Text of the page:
When countries reopen, they’re doing it in a variety of ways. Some places, like New Zealand and Japan, are looking at travel bubbles. Others are making blood tests, temperature checks and/or quarantines mandatory. Tanzania is just letting anyone in, no testing required, and I’d say that their numbers show it but they haven’t been very forthright with their numbers all along, so who knows, really?
But Cuba? Their plan is, I think, the most creative and, if you ask me, smart way to reopen to tourism and keep their residents safe, all at the same time.
As of a few days ago, Cuba had reported slightly over 2,200 confirmed cases of the 2019 Novel Coronavirus and 84 deaths. However, the country claims it now has the virus under control and will now begin a 3-phase plan to gradually reopen the country.
However they, obviously, want to keep their residents safe, so besides tourists having to be tested at the airport, they’re also going to do something, at least in Phase 1, that I haven’t seen any other country do.
As posted in the Miami Herald:
At first, foreign tourists will only be allowed to stay in hotels in Cayo Santa Maria, Cayo Coco, Cayo Guillermo and Cayo Largo del Sur.
But tourists and locals will not mingle. Tourists won’t be able to visit the mainland during their stay, and Cuban nationals will not be allowed to book hotels in the keys.
Essentially, they’re going to divide the country. Tourists will only be able to visit Cuba’s keys (“cayos”). So if you were visiting Cuba and wanted to go to, let’s say, Havana during the first phase, you’d be out of luck. But then again, Cubans can’t visit the keys in question, either.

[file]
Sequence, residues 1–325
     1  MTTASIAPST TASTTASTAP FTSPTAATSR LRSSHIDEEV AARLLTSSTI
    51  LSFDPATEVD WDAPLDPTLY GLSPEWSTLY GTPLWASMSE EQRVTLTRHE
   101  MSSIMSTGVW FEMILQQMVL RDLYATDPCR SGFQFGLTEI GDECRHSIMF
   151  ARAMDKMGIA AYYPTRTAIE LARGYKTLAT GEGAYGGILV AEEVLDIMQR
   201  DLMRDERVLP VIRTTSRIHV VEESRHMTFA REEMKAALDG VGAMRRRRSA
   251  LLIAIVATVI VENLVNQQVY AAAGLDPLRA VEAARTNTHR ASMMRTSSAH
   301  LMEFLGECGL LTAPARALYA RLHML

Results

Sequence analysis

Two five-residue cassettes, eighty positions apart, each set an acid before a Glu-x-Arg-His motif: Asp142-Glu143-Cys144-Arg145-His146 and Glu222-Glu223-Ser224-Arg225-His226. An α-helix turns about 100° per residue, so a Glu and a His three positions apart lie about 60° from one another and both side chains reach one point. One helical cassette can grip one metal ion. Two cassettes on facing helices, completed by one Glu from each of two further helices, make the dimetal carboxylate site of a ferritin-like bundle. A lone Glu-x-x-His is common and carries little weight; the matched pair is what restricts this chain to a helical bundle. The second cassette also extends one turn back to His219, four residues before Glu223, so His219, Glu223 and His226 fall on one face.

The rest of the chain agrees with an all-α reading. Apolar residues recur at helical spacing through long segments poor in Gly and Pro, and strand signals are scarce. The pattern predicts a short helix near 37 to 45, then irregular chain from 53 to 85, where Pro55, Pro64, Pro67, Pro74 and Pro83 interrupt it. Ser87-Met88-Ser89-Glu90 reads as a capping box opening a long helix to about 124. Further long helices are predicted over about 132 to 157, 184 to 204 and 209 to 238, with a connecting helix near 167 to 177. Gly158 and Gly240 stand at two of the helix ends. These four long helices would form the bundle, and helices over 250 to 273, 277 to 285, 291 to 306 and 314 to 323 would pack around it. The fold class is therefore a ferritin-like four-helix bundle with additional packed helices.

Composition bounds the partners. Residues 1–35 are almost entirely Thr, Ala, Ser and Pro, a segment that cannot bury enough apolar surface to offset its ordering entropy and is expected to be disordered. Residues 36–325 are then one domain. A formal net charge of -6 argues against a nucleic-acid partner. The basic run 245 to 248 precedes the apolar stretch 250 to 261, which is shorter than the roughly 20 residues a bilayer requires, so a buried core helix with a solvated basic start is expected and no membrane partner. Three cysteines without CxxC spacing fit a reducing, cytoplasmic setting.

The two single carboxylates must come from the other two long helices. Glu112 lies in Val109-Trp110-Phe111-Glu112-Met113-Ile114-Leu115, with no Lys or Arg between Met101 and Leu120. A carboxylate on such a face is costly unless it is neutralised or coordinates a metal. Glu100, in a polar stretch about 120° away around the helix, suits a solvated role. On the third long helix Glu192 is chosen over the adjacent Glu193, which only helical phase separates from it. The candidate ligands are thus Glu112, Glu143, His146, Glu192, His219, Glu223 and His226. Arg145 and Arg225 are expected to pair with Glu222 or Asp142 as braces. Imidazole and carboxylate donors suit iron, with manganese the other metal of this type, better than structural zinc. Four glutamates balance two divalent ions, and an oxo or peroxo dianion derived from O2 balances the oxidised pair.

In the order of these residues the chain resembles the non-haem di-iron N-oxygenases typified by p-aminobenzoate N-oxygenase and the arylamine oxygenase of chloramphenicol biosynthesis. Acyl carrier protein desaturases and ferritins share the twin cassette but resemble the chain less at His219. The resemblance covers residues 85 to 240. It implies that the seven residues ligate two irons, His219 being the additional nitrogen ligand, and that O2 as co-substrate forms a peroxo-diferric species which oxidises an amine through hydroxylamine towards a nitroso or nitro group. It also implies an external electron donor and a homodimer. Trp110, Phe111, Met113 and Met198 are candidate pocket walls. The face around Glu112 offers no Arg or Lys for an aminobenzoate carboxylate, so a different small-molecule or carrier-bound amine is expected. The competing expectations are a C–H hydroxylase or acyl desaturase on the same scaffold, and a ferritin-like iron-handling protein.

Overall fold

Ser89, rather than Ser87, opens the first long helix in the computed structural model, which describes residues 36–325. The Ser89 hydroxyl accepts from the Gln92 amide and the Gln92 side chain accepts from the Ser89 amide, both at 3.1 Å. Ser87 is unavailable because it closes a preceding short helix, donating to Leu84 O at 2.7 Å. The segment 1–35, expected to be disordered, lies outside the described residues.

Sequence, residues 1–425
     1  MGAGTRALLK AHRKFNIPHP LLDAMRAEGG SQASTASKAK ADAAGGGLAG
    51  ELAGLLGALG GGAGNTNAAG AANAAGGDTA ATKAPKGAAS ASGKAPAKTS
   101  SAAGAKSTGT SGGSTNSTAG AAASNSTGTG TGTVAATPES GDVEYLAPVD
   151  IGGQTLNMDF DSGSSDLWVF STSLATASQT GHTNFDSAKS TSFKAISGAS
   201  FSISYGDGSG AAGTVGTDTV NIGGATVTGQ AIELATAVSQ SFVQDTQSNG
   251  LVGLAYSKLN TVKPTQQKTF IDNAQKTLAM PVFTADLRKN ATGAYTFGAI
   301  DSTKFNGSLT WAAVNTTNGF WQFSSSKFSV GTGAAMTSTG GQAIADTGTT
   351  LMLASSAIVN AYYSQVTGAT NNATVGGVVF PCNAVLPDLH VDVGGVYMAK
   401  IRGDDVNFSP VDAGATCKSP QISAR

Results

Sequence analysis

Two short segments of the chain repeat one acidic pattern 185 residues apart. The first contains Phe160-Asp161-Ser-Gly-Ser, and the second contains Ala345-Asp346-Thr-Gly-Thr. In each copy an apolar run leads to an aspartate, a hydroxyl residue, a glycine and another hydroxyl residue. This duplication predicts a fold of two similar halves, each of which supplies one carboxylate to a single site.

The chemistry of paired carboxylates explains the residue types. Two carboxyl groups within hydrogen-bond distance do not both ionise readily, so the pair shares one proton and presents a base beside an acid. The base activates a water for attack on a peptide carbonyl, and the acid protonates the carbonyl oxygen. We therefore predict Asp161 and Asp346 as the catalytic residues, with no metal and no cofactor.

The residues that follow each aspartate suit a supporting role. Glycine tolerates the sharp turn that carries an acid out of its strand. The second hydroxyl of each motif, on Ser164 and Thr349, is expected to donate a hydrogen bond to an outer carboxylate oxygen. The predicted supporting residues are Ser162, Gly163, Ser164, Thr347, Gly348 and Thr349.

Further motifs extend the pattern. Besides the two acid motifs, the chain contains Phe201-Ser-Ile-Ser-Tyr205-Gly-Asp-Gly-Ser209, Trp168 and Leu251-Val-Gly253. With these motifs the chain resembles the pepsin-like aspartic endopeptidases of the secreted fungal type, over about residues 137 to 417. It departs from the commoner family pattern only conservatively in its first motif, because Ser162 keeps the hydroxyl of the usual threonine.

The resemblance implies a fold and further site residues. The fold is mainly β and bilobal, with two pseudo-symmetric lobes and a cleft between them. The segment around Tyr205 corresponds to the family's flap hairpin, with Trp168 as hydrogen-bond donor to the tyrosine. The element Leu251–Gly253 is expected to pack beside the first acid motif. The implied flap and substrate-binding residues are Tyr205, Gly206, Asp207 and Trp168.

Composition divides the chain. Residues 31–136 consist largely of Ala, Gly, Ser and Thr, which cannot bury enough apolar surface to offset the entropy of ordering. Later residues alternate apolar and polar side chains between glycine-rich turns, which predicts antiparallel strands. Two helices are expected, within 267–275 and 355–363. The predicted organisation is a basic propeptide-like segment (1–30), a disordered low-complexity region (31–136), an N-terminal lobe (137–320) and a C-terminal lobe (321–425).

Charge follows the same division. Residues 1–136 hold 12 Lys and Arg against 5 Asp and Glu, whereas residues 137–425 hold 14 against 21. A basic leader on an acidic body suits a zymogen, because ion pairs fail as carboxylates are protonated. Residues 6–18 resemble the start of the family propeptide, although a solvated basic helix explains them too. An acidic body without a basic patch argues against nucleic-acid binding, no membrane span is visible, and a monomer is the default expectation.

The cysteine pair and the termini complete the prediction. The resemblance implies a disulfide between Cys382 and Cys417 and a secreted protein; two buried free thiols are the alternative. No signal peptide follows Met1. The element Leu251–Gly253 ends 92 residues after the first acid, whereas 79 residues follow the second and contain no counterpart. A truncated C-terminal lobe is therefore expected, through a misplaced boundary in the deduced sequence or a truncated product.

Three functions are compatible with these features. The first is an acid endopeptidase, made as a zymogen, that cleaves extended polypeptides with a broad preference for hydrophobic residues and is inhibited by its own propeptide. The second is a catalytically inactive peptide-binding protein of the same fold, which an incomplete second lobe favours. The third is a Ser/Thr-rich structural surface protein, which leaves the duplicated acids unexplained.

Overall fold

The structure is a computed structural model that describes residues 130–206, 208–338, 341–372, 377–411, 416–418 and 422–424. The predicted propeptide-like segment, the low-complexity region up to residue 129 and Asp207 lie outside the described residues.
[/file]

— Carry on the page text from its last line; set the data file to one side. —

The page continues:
Each hotel on each of the keys will have a medical team that will follow up on each traveler’s health. Hotel staff will also undergo testing, and will have to isolate themselves after working seven-day shifts.
During Phase 1, using facial coverings and social distancing will be mandatory. Later on, people will only have to wear face masks when in crowded public places. And as a permanent measure, as per the Prime Minister of Cuba, if an employee has respiratory symptoms (s)he won’t be allowed to work at their workplace (What’s that? You’re NOT ALLOWED to go to work if you re sick? Wow, what a concept!).
Americans, of course, are still not allowed to visit Cuba, except under strict rules put in place by the current administration. Visiting the “cayos” of Cuba probably wouldn’t fit under any of the U.S. governments’ guidance so any American who wants to get there legally will likely have to wait a bit.
#stayhealthy #staysafe #washyourhands
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This post first appeared on Your Mileage May Vary